This morning we caught a cab to a small garage on the northern side of the airport runway - which for three years hid the only tunnel in or out of Sarajevo. Food, arms, casualties and occasional dignitaries were smuggled through this cramped space. Every day hundreds of people crouched their way along the 700 metres of dark and damp claustrophobia, each trying to carry as much as possible to prolong the time before they next had to make the dangerous trek. The opening at either end originally led into a maze of trenches designed to give the weary travellers a chance to escape the snipers in the hills and get their precious cargo home.
Now only thirty metres of the tunnel exists, but it's enough to understand how tough it must have been to ferry enough supplies for the 300,000 people trapped in the city. As you'd expect use of this survival passage was strictly regulated, with travel only allowed in one direction at a time. Given these conditions it's amazing that this tiny space managed to ferry over a million people in and out of the siege. At just a metre wide it was the slimmest gateway to a better future.
In the afternoon I had a meeting with Ines Kadic, a young curator at the Bosnian Institute. She took me round the art collection and we talked a little about image, literature and symbolism. (she's doing a PhD on Metaphor.) As with many of the young people we've met, bright intelligence was married with a sad resignation about the future. Tired, I tried to challenge it.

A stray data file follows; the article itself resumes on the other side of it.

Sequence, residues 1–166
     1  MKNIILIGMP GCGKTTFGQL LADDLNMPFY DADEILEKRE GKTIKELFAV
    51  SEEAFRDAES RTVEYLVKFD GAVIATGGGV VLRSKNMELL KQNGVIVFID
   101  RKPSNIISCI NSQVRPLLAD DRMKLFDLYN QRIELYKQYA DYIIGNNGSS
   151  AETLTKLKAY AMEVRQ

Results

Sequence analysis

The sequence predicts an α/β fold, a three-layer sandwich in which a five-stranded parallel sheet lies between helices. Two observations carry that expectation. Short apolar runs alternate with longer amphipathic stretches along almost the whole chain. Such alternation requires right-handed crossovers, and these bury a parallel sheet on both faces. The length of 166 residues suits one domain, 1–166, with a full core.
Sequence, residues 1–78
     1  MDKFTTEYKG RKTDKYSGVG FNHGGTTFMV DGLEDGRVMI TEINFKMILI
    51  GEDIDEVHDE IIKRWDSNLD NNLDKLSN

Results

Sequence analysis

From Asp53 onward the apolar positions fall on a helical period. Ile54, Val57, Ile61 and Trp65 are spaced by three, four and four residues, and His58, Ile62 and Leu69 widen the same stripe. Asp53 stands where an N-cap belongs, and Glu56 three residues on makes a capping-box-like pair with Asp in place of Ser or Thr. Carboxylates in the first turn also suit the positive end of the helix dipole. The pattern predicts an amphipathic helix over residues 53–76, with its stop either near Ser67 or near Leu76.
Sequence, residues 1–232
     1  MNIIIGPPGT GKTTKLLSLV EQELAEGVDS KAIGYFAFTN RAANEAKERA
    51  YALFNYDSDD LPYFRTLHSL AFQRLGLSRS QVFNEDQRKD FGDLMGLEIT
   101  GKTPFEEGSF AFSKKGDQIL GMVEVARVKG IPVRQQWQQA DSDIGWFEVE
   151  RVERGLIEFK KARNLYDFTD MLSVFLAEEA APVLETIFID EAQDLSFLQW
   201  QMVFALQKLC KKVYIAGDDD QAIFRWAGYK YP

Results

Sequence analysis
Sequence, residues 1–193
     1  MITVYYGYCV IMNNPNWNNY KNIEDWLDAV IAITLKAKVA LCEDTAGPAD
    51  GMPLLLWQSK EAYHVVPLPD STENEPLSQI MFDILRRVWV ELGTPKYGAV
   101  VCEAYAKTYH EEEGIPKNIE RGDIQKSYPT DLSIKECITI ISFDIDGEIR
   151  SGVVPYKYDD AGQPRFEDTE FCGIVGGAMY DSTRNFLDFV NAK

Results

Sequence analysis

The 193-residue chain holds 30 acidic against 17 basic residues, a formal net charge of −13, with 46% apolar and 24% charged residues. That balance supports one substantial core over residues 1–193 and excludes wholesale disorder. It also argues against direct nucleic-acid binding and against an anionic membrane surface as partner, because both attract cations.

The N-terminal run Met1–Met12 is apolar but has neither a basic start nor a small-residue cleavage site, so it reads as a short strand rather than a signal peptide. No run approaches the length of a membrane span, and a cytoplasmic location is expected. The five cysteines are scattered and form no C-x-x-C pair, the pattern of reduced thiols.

'Wherever I go I hear that the war will begin again,' I suggested 'and then I see these wonderful paintings and I wonder why so few Bosnians seem to believe in the creativity needed to prevent it? This pessimism is scaring me a little'
'...but you can't stop history repeating,' Ines replied 'the story is already unfolding.'
'Of course, but whilst it's being written, you can change it. You can write an alternative. You need vision, leadership, you need art - but I can't accept that all is already lost. Can't you think that time will pass and peace will hold? Isn't this institute an investment in the belief that Bosnia will grow in confidence and begin to consolidate its right to exist? And that life will be easier?'
'Maybe, but shall we say Bosnia is in a deep depression. Maybe even trauma. How can we look forward - just practicing a routine existence is hard enough. You talk of creativity, but this is not possible in depression. For now it is too aggressive an act to contemplate.'
'I think I understand. My parents lived through the second world war and you could say they are partly defined by the experiences they had and the lessons it taught them. In turn I carry some commitment to prevent the repeat and I hope that if I became a father I would pass this on to my children. All the time the immediate memory fades, but knowledge of the horror does not. The balance is what matters.'
We finished the tour. As I prepared to leave Ines produced another thought.
'Why tell your children?' she asked. 'They can't empathise with what your parents experienced. Why terrorise them with your fear? Better to let them live and make up their own minds.'
'Now I'm scared of your optimism,' I said and headed off towards dinner at a restaurant on Marsala Tita avenue, where the eternal flame pays homage to those who liberated the city in 1945.